Lancaster is county's hotspot for water related rescue incidents
Firefighters are urging people to stay safe when out enjoying water beauty spots as lockdown eases.
Lancashire Fire and Rescue Service (LFRS) is anticipating many people will head to coastal locations and inland water beauty spots over the coming warmer months.
In 2019 across the UK, more people died from accidental drowning than cyclists did on the road, and half of accidental drownings in occurred when people didn't intend to go in the water.
The Lancaster district is Lancashire's hotspot for water related incidents, with 28 per cent of all recorded incidents in the county.
Because of this, Lancaster Area Search and Rescue teams will be out patrolling the River Lune on summer weekends.Operation Bankside launched in August last year, as hundreds of people descended on the many beauty spots along the river to swim and sunbathe.But the Lune also presents serious dangers, and between August and September 2020, LASAR said it made nine critical interventions, responded to two major First Aid incidents, and carried out 228 "preventative actions".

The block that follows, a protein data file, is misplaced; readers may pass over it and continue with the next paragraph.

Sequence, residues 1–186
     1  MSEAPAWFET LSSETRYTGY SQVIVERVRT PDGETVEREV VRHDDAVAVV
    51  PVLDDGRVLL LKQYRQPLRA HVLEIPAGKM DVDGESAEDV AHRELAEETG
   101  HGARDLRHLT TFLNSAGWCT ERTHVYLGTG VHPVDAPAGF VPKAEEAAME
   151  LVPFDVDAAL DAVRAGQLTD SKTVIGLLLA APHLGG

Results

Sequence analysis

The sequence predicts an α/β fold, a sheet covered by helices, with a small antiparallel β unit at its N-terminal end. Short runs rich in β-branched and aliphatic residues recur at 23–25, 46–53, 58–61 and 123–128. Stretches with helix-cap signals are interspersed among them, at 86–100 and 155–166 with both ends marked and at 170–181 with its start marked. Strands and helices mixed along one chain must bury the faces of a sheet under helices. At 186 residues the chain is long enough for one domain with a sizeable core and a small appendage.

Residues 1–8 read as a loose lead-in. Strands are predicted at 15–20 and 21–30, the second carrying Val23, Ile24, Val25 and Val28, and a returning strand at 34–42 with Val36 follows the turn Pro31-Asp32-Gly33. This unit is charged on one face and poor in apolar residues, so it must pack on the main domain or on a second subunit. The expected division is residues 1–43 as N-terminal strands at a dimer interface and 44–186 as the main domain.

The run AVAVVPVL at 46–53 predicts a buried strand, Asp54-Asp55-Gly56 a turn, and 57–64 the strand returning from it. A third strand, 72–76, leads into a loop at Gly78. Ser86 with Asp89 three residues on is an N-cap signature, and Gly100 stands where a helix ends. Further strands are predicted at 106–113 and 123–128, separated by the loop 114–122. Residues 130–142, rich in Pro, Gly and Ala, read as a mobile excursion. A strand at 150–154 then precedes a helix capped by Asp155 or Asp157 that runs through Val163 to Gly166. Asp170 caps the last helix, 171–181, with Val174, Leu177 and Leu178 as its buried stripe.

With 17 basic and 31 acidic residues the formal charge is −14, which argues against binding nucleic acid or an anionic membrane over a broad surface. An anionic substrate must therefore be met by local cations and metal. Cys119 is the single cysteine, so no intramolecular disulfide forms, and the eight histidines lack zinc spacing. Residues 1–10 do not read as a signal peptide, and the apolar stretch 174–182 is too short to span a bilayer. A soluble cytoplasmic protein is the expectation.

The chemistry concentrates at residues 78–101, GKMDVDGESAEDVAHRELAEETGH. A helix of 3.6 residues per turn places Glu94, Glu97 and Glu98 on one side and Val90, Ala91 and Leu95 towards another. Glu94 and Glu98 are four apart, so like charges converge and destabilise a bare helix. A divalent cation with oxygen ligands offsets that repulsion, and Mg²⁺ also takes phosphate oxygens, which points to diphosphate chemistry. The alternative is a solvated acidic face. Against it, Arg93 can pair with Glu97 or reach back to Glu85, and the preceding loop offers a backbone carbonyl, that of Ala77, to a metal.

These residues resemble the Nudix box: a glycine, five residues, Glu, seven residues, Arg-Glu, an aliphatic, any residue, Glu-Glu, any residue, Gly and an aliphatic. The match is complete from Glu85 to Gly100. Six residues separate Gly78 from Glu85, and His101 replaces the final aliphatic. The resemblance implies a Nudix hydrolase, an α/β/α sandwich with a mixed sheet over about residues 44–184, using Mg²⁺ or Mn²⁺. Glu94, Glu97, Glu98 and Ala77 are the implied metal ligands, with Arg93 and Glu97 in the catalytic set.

Kirsty McCreesh, group manager for prevention in Lancashire Fire and Rescue Service, said: “As the weather improves and we venture out to explore, please be mindful of the dangers of open water.
"Even on a beautiful, sunny day water temperatures can be dangerously low, strong currents can catch you out and there may be hidden hazards underneath the surface.
"Whilst we want people to get outside and enjoy Lancashire we also want people to understand the risks of water, follow advice and be prepared in the event of an incident.
"Drowning is one of the lead causes of accidental death in the UK and it is preventable."
Advice from LFRS:
Never swim alone in case you need help
Don’t drink alcohol when undertaking water related activities, it impairs judgement and your ability to swim
Avoid walking routes near water if you have been drinking alcohol
Don’t dive or jump straight into open water, this can cause potentially fatal cold water shock even on the warmest day
Actively supervise children in and around water - drowning can happen fast and silently
If you find yourself unexpectedly in the water, don’t panic, extend your arms and legs out and float on your back until the effect of cold water shock pass
Never enter the water to try and rescue someone, call 999 and ask for the Fire Service if inland and the Coastguard if you are at the coast
The fire service said it has successfully reduced the number of fire deaths by focusing on prevention work and now must apply the same principle to tackling drowning.
Look out for #BeWaterAware on social media.
For more water safety advice, visit www.lancsfirerescue.org.uk/water-safety